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Blog > Issues > Property Rights > PLF and Friends Ask SCOTUS to Review Extraterritorial Fuel Regulations

PLF and Friends Ask SCOTUS to Review Extraterritorial Fuel Regulations

February 08, 2019 I By DAVID DEERSON

Back in 2014, PLF urged the U.S. Supreme Court to review the Ninth Circuit’s decision upholding California’s Low Carbon Fuel Standard (LCFS) against constitutional challenge. The LCFS regulates transportation fuels using a “life-cycle” analysis, meaning that it fictionally assigns a “carbon intensity score” based on estimated carbon emissions resulting throughout the entire process of creating fuel. As a result, two chemically identical units of fuel could receive significantly different scores based on estimated emissions produced during the fuel’s development. The problem is, a great deal of these emissions occur entirely outside the state of California. But states may not regulate conduct occurring outside their jurisdiction – to do so violates the Commerce Clause of the U.S. Constitution.

The Supreme Court declined to review the question. Now another state has followed California’s lead and implemented a nearly identical program with the same constitutional infirmities. Once again, the Ninth Circuit upheld the policy.

Oregon’s Clean Fuels Program operates in much the same way as California’s LCFS, and seeks to regulate carbon emissions occurring entirely outside of the state.

But the Supreme Court has held several times that states may not impede the interstate flow of an article of commerce in a way that is not directly related to an attribute of the article itself. For example, in Baldwin v. G.A.F. Seelig, Inc., the Court struck down a New York statute that imposed minimum milk process that dealers had to pay to dairies, whether in New York or in neighboring states like Vermont. 294 U.S. 511, 519 (1935). But under the Ninth Circuit’s ruling, states can accomplish the same ends by using a “life-cycle” analysis.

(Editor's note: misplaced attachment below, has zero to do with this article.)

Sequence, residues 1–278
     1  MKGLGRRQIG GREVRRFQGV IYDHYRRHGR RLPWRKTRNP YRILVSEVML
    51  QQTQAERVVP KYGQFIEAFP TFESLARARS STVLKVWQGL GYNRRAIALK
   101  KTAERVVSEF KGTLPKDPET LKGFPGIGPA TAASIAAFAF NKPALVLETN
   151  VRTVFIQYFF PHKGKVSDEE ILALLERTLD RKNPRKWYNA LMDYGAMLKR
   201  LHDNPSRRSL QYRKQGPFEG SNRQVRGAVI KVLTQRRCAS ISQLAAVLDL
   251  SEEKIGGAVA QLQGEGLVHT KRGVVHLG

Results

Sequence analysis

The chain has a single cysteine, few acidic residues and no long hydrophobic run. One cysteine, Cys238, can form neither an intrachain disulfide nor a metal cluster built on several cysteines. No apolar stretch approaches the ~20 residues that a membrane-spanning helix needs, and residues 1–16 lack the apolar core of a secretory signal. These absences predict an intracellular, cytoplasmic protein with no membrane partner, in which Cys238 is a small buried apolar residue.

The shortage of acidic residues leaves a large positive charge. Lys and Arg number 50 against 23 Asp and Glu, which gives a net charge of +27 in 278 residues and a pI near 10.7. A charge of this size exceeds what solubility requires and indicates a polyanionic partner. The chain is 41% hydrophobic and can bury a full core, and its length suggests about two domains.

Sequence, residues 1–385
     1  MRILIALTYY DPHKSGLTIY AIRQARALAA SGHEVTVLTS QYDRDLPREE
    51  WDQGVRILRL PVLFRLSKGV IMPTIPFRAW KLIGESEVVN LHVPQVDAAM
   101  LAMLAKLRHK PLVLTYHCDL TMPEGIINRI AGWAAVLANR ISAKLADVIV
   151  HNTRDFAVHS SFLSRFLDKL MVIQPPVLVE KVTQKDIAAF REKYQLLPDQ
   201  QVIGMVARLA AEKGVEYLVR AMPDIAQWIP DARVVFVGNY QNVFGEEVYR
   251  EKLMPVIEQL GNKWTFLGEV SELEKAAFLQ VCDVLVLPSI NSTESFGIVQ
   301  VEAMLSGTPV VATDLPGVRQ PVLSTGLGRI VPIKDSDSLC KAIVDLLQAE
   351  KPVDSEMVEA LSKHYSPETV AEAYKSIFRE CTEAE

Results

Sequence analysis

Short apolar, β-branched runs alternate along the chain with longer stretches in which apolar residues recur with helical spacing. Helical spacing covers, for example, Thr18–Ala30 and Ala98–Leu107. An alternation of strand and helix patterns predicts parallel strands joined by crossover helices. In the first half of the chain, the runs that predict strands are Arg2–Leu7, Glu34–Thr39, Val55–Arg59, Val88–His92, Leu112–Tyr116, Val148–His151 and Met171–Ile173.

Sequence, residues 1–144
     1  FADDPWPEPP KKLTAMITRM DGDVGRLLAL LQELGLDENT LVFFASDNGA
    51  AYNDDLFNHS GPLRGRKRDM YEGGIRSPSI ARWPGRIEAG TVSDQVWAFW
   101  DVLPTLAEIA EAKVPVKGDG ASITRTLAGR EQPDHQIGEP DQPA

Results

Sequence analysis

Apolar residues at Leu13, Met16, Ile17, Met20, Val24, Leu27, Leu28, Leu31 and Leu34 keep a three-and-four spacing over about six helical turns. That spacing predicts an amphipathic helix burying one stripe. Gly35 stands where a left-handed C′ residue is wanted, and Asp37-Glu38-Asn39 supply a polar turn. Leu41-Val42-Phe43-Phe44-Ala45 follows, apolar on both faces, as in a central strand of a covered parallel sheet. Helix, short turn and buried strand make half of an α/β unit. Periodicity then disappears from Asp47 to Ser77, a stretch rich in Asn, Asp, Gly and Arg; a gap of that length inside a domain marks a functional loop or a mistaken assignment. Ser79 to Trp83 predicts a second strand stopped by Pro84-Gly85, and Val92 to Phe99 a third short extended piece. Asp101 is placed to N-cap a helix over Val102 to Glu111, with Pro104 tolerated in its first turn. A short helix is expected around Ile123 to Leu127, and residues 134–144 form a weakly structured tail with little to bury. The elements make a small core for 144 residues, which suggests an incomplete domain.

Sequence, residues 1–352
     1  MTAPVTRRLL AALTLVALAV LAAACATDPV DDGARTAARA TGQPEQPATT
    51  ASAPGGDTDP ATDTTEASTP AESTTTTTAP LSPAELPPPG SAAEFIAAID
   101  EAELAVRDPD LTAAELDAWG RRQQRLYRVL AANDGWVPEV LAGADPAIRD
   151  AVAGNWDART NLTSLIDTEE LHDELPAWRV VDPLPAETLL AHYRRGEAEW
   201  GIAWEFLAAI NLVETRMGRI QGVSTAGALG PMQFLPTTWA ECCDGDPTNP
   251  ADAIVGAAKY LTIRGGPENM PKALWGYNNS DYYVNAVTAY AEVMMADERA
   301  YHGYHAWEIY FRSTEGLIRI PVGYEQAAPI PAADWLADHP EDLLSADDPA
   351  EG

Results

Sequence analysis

To illustrate, New York could identify out-of-state activities involved in the production of milk. New York’s minimum wage is higher than the federal minimum wage, while neighboring Pennsylvania’s minimum equals the federal government’s. New York might argue that Pennsylvania’s lower minimum wage puts New York dairies and milk processors at a disadvantage. See, e.g., Debra Burke, et al., Minimum Wage and Unemployment Rates: A Study of Contiguous Counties, 46 Gonz. L. Rev. 661, 678–80 (2011) (describing employment effects of different minimum wage laws in state border areas of Washington and Idaho). New York could then employ a life-cycle analysis model that estimates economic inputs into milk production, similar to the manner in which the life-cycle analysis in the Fuels Program estimates emissions from fuel production. Using that life-cycle analysis, New York could assign a “minimum wage effect” to all milk sold in New York, and require that sellers of milk with a lower assigned minimum wage enter into contracts with their out-of-state suppliers to increase the wages of the producer’s employees.

But states should not be able to accomplish indirectly what the Supreme Court has said they may not do directly. As we warned the Court back in 2014, the problem did not stop with California, and it is clear that it will not stop with Oregon. The state of Washington, as well as nearly a dozen states in the Northeast and Mid-Atlantic regions, are considering implementing similar regulatory policies. That’s why PLF, along with our friends at the Cato Institute and the Competitive Enterprise Institute, filed an amicus brief in support of certiorari, urging the Court to take a close look at this issue and stop states from mucking with the free flow of interstate commerce. PLF was also joined in this brief by the Committee for a Constructive Tomorrow, the Institute for Energy Research, the Energy and Environment Legal Institute, the 60 Plus Foundation, and Capital Research Center.

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